Wednesday, July 23, 2003

Aren't There At least Two Trial Lawyers Per Trial?

As one thinks past the rhetoric and smirkish "trial lawyer" name calling, we can clearly see that President Bush and his propaganda crew can't logically be opposed to all trial lawyers, it must only be that one-half of them that oppose his clique of oil, insurance, and special interest industries. So, I suppose for him to be honest, he would have to say that his trial lawyers are ok, but not yours. But that level of honesty stretches even his level of school yard posturing.

It is easy to pick a word that many people dislike, and utter it with a distasteful look and a grimace. To do so disingenuously in support of one's own unrelated political agenda is the slimy sort of politics that works against the needs of the people as a whole. (see how I used the words "slimy sort of politics" here with a grimace)

Even litigators should be disappointed with the onset of a trial. A trial means that we have failed to encourage the parties to reach a reasonable resolution to their issues. But trials are there to keep us all honest. They are the constitutional backbone of our rights as citizens. Without the looming pressure of a trial, many folk would not have the incentive to negotiate reasonably.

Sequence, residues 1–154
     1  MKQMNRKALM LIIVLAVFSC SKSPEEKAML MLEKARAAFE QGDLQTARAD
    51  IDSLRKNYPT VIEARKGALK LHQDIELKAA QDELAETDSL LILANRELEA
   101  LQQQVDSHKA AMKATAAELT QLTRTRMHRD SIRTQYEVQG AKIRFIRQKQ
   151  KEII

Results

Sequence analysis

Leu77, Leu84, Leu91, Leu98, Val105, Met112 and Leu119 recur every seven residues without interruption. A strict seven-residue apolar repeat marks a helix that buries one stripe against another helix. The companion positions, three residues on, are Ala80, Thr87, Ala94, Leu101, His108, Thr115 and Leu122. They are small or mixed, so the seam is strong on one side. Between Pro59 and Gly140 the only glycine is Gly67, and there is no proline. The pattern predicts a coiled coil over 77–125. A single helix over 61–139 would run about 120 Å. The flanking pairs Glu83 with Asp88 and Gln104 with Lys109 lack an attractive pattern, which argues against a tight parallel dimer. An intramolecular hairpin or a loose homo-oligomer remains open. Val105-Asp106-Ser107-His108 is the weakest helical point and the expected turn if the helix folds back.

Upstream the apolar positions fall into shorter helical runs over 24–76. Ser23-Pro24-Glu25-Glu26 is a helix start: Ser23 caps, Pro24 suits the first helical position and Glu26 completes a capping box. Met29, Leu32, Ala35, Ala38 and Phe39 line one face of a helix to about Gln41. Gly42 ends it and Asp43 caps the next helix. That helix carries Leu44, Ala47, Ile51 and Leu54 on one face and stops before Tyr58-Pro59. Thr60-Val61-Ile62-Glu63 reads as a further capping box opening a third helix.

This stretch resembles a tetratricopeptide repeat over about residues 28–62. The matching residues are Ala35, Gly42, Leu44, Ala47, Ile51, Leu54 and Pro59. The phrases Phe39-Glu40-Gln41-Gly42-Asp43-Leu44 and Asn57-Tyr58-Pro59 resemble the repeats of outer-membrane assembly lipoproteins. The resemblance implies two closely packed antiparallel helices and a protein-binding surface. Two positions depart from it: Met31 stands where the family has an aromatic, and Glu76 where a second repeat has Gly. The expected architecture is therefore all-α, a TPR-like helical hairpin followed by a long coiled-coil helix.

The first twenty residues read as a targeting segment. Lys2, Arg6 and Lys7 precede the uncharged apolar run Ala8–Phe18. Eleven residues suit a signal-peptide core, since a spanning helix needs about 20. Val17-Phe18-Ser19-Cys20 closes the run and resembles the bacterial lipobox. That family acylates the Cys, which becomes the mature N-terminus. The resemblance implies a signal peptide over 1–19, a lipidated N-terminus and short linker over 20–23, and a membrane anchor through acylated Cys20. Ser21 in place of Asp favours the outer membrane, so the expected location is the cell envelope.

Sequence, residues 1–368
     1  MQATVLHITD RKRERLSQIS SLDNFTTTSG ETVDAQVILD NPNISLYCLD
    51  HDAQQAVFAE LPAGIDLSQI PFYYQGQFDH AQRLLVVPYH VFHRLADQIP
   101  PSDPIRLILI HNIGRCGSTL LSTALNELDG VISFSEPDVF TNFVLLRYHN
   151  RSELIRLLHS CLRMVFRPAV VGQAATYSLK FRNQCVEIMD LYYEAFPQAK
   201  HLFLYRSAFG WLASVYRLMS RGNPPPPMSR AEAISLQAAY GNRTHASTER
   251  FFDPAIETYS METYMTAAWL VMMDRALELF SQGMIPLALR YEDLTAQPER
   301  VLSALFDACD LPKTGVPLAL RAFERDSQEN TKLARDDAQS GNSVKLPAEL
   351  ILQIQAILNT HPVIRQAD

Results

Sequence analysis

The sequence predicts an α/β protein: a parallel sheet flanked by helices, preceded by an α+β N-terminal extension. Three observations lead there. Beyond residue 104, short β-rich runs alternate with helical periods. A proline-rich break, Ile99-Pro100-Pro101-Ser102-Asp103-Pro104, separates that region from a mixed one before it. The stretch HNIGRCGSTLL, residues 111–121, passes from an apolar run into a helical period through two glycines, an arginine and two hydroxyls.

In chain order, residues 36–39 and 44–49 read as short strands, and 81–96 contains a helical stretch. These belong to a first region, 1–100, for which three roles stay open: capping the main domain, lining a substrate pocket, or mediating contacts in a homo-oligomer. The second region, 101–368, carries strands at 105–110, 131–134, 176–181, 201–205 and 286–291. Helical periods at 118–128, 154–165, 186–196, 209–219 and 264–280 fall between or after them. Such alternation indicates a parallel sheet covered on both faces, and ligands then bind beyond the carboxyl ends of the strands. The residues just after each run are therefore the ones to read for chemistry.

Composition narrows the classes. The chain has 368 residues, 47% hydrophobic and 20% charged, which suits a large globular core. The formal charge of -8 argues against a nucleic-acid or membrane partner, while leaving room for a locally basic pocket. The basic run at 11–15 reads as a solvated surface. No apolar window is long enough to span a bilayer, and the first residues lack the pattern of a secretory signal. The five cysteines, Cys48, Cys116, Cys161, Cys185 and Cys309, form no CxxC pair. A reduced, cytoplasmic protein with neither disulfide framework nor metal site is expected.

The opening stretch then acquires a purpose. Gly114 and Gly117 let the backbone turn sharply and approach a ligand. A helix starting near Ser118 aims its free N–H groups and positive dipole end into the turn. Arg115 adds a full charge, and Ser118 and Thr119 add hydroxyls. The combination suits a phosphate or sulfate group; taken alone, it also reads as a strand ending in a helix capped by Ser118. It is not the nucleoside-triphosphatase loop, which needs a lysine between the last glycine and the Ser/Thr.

Sure, there are erroneous trial results. That's why we have courts of appeals. Don't be distracted by the few examples held up on politically motivated banners. But let us work together to improve the judicial system with reforms that really help all of the people, not just the special interest campaign contributors.

Right, Jane?

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